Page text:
The Man Behind the Macy’s Thanksgiving Day Parade

The Hello Kitty balloon is one of three new character balloons and six new floats this year. Photo: CBS 2

As Kermit, Hello Kitty, and Carly Rae Jepsen meander down 6th Avenue in New York City, thousands of onlookers ooh and aah. The annual Macy’s Thanksgiving Day Parade — celebrating its 86th anniversary this year — is as much a Turkey Day tradition as the turkey itself. For most Americans, the spectacle is all over in a few hours.

But for scores of designers and volunteers behind the scenes, the parade has meant months of plans and preparation. Yahoo! News recently interviewed John Piper, the creative director of Macy’s Studio, a “nondescript New Jersey warehouse about 30 minutes outside of New York City” where the float magic happens. He lives 364 days for one.

In the interview, the 30-year parade veteran discusses the worldwide helium shortage, challenges brought on by Superstorm Sandy, and fitting ballons through the Lincoln Tunnel (certain balloons must be disassembled). Watch it on Yahoo! News here.

See also: The Woman Behind the Macy’s Thanksgiving Day Parade, h/t @shelleytibbetts

The Guy Who Makes Rocket Ships and Donna Karan Jewelry

Mike Dillon was always industrious: as a boy, he painted store windows around the holidays to earn extra money.

It’s a bird! It’s a plane! Well, sort of – it’s a paper plane. At 26 feet long, it’s the largest paper plane in the world – and it hovers over the entrance to Dillon Works in Mukilteo, Wash.

According to its website, Dillon Works is a design and fabrication facility that “produces dramatic environments.” Clients across the globe – from Hong Kong, Estonia, and Moscow to Tokyo, Korea, and Portugal – come to founder and President Mike Dillon seeking sculptures, models, fixtures, accessories, and displays for theme parks, hotels and casinos, television commercials, and malls.

Dillon founded the company some 25 years ago after working as an Imagineer at Walt Disney Imagineering. Its mission statement is vague for a reason: the company’s project base is inextricably broad, ranging from floats for the Macy’s Thanksgiving Day Parade to giant snow globes to jewelry for Donna Karan. But it is precisely this diversity that helps Dillon Works survive economic downturns.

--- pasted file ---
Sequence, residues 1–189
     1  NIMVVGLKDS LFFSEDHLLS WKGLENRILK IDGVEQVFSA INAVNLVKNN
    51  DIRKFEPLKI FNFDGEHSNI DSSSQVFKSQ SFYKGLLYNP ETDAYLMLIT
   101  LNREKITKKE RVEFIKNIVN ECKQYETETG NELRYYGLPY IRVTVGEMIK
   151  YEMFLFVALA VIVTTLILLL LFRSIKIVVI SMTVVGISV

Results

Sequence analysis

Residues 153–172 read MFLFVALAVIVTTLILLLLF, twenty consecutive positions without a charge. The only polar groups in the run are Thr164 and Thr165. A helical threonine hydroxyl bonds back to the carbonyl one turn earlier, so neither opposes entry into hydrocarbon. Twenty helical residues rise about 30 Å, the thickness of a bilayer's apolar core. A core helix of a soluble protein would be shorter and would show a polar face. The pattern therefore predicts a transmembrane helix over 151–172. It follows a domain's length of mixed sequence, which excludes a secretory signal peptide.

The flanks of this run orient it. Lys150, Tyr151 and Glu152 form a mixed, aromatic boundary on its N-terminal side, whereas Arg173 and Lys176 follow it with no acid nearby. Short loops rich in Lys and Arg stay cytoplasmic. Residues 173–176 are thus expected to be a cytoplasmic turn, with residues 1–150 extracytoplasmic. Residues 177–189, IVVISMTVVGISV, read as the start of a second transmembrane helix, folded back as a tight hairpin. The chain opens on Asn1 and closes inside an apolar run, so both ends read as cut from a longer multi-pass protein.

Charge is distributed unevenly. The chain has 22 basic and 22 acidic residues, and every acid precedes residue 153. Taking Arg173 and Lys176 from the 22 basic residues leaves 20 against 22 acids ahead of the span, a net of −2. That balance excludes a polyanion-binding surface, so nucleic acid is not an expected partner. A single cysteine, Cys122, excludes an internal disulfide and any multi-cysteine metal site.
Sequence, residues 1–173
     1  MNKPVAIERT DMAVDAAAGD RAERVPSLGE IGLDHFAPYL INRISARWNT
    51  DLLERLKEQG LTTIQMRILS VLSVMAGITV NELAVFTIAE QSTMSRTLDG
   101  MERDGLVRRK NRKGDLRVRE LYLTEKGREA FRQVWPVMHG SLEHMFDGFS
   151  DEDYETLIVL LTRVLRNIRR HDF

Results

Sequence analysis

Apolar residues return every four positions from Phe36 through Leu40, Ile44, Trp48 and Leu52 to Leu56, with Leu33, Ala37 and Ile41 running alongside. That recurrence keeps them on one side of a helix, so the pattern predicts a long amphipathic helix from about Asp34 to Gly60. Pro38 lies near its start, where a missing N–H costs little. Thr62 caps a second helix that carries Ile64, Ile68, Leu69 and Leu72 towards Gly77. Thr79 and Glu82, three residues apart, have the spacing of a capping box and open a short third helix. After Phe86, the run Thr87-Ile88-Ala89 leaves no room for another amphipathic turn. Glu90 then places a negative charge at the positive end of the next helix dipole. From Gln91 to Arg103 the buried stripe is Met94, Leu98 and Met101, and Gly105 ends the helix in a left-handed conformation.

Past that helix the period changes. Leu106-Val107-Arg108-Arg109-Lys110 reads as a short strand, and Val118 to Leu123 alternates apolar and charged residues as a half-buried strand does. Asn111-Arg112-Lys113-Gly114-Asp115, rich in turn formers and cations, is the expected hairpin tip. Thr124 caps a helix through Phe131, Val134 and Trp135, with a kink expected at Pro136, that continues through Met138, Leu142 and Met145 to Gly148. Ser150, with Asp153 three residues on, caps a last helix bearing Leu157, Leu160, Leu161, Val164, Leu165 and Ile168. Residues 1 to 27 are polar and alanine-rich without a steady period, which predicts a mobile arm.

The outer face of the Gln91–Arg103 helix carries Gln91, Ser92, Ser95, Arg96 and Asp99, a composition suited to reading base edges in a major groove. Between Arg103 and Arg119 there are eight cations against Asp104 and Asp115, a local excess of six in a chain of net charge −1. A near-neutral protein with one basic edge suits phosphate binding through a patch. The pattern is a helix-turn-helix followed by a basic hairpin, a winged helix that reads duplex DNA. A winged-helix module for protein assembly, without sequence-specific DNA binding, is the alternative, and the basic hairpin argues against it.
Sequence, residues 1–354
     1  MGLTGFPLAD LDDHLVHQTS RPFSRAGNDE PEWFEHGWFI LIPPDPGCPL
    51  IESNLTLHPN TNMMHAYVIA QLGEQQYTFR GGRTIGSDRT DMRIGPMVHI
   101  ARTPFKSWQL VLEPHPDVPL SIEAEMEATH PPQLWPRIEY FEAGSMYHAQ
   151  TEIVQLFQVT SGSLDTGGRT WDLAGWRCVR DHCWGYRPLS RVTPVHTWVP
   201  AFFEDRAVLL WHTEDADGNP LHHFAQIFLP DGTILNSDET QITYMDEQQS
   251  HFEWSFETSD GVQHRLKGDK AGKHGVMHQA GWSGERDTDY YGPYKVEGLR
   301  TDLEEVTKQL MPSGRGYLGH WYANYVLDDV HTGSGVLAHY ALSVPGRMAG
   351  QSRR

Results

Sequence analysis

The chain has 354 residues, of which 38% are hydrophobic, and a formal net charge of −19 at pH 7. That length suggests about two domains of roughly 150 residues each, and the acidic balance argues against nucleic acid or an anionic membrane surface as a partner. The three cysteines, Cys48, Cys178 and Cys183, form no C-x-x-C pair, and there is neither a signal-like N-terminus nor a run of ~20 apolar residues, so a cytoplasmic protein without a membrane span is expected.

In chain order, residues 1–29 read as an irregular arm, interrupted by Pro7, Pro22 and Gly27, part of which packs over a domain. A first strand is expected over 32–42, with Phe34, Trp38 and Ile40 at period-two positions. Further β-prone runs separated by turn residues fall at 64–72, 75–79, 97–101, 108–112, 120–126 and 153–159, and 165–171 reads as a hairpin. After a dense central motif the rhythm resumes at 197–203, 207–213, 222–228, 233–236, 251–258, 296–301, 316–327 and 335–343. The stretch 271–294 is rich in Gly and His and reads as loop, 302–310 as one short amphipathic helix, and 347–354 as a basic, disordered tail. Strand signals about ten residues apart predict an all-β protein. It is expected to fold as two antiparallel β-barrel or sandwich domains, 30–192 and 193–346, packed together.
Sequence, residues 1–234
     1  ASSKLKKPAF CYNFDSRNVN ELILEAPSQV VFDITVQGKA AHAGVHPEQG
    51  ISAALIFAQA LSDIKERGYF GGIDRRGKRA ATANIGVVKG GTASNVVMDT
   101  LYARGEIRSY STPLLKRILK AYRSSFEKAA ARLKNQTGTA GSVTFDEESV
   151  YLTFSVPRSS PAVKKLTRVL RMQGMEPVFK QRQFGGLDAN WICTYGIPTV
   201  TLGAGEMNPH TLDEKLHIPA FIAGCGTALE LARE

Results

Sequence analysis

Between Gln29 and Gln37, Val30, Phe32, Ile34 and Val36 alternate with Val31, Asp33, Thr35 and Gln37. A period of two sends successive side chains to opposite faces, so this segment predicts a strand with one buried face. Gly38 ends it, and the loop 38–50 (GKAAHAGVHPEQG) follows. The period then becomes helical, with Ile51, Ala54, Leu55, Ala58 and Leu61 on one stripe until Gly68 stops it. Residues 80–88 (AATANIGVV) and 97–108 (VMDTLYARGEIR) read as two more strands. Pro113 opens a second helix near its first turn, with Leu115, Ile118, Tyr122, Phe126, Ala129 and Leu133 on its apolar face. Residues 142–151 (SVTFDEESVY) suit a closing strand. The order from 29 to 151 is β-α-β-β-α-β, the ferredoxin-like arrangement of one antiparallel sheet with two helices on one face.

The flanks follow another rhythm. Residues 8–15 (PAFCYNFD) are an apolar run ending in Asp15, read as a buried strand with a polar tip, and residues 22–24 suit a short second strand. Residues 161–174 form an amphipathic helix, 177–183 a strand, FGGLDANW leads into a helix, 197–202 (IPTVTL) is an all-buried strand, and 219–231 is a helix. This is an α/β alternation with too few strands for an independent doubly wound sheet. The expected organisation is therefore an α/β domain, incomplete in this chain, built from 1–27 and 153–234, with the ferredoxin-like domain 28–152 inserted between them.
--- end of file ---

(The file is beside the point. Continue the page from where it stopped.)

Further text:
Age: 50
Graduated from: Ellensburg High School in Central Washington. I didn’t go to college; instead, I started working at Disney at age 19, which I consider my schooling.
Based in: Mukilteo, Wash.
Previous jobs: Worked on mechanical characters in holiday windows for Spaeth Designs; production assistant at Nordstrom; freelance producer in Los Angeles; Imagineer at Walt Disney Imagineering.

Dillon Works is the home of the world’s largest paper airplane. Wingspan, 26 feet; weight, over one ton.

What do you do at work all day? We work on a diverse range of custom design and fabrication because we bore easily. We’ve worked on 13-foot cupcakes for Dylan’s Candy Bar and a huge PlayStation Portable for the Sony PlayStation tradeshow exhibit for E3 (Electronic Entertainment Exhibition) in Los Angeles, which needed a forklift to lift it. At any given time, we’re doing about 10 to 12 projects.

How did you come to land a job at Disney when you were only 19? While living in Los Angeles, I worked on sets and props for commercials and movies. Everyone told me that my style was very Disney, so I finally met someone – who knew someone who knew someone – who worked at Disney. I got an interview at The Walt Disney Studios, and the guy I met there connected me with someone in Imagineering.